That's a tough one, Dan. I mean, because some of this is definitely, you know, policy related. I was a huge proponent of you the Fed being more aggressive about interest rate hikes shortly you know, six months to a year after COVID because we did inject such fiscal stimulus into the economy and that's now having, you know, profound impacts. 

But beyond that, we have what's going on in Eastern Europe, issues with energy prices and all these external exogenous forces that are really out of the Fed's hands. And so, they're trying to do this through a series of interest rate hikes and, and quantitative tightening to kind of throttle back the system, but, there's more action in the global market than the Fed can realistically control. 

From your standpoint, as you kind of see and, and see what's going on in the agricultural lending space, I'd be curious if we're in this interest rate environment for the next two to three years, where should we be telling our farmers to focus on? 

Should we be focusing on long term debt consolidation? You know, all those kinds of things about investment decisions become so important in this environment.

Dan English (04:39):

It depends a lot on the farmer's personal situation, their balance sheet. But one thing that we encouraged a lot of people to do and worked with a lot of farmers to do over the last year to two years, was to refinance at these lower rates before the most recent rate hikes. 

For folks who have done that, they have a very different problem going forward, which is they have an amortizing loan that they're paying off every year where they have a very low rate. And how do they replace that? How do they cover the additional incremental costs as they, you know, either refinance that to take some cash out down the road or come in with higher and more expensive sources of debt.

Dan English (05:24):

One thing we're encouraging a lot of people to look at is we have a Farmland Capital program where we can take a second position and they can keep the first position in place. 

At the low rate, we think that's going to  be a great option for a lot of farmers. But more generally, I would say the risk of this going even higher still seems pretty significant to us. 

And just the pace at which the rates have increased over the last six months has really been astounding. I think where folks can lock in rates for the next 10, 20, 30 years, and have some certainty that they're going to  be able to remain profitable. We're encouraging folks to do that.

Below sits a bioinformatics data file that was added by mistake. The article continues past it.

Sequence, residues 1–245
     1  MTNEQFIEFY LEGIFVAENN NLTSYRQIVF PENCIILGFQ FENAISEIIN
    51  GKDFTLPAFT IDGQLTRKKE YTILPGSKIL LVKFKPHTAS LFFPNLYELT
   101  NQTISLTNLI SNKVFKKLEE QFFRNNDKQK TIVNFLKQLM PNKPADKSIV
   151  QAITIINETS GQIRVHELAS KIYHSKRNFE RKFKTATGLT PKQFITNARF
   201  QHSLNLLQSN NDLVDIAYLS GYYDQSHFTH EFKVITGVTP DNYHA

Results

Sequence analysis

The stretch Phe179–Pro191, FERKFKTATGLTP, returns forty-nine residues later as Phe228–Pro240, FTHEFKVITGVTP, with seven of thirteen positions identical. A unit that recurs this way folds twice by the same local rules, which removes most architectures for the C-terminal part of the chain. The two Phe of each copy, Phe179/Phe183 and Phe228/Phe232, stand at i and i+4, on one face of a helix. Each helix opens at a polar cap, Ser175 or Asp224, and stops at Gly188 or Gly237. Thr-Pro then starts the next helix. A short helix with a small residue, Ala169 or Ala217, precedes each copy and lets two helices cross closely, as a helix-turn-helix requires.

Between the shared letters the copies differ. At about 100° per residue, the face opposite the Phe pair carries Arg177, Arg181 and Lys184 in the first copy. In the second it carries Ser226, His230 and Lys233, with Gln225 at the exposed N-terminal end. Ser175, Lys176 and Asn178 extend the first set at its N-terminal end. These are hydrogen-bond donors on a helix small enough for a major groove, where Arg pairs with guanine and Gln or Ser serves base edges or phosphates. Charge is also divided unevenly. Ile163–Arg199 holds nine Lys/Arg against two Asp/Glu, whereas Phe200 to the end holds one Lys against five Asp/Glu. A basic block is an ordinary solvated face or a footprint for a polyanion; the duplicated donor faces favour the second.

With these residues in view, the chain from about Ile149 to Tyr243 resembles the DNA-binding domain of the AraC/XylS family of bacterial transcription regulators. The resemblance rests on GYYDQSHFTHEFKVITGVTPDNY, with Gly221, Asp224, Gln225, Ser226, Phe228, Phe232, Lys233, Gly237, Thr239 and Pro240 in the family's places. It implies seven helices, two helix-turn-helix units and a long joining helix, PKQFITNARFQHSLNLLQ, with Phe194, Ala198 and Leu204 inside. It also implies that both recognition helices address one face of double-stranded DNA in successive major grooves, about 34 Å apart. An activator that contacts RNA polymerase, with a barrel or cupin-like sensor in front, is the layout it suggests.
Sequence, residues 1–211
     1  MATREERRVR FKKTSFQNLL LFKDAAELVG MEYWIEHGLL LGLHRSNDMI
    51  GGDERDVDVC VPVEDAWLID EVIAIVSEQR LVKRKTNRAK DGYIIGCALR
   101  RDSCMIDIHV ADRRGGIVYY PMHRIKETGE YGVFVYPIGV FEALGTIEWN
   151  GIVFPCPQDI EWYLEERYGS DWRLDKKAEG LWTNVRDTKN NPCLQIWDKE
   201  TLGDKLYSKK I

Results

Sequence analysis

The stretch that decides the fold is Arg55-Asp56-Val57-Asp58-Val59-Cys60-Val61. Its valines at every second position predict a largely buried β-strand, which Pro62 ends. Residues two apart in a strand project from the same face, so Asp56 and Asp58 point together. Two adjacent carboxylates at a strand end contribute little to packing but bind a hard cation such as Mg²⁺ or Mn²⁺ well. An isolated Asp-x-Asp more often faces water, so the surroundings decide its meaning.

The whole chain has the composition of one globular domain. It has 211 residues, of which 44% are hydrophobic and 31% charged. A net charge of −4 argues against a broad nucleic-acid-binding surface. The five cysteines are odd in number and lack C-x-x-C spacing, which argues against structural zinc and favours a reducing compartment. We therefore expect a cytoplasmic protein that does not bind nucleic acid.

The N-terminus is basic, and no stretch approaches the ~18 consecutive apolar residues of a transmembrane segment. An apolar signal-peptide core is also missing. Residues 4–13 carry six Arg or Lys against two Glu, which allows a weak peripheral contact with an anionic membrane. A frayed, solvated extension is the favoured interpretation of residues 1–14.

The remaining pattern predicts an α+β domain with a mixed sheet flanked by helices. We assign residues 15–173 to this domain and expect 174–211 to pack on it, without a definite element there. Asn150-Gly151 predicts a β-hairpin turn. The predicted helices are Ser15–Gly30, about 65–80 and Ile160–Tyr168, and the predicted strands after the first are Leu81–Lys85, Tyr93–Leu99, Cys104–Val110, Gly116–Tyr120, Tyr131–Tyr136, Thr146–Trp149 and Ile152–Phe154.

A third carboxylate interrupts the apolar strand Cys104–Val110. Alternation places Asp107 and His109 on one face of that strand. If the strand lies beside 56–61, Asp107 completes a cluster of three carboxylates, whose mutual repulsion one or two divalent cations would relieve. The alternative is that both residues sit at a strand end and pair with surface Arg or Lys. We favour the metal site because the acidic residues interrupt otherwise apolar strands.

If rates come back down they can always prepay and refinance at a lower rate, but where they can lock in longer term, we think that's definitely the right thing now.

Kevin McNew (06:13):

As I think back long term, I've been farming all my life and in the ‘80s as a farm kid, I remember the interconnectedness of coming of the ‘70s, roaring with bull markets. 

The ‘80s brought hyperinflation and land values going through the roof. And then in the early ‘80s was a big farm depression. I know there's many gray-haired farmers out there that have the kind of experience that have seen these kinds of ebbs and flows. 

What I've been telling them as it relates to farmland is I don't think we have a huge downturn in farmland values, and we don't see a huge recession or depression even in commodity prices, because it's a much different story today than it was in the ‘80s where we had oversupply issues. This is not that situation. We don't have an oversupply issue. 

We have an over demand issue and commodity prices may back down a little bit but I think farmland values don't tank and bottom out or, or turn south quite sharply. If there's ways to capture more farmland as they fall down, or in your case you mentioned the Farmland Capital situation, that's a really intriguing concept.

Dan English (07:31):

I think for farmers who are looking who may be concerned about that, that's a way for them to take a little bit of risk off the table while still being able to have upside control and ownership of their farm. 

One thing that we're paying very close attention to on the financing side is will farmers be able to support their farm at these, you know, lower prices? Maybe you can just talk a little bit about what the forward curve of green prices are doing. And it sounds like you think some of these prices are here to stay for at least a little while.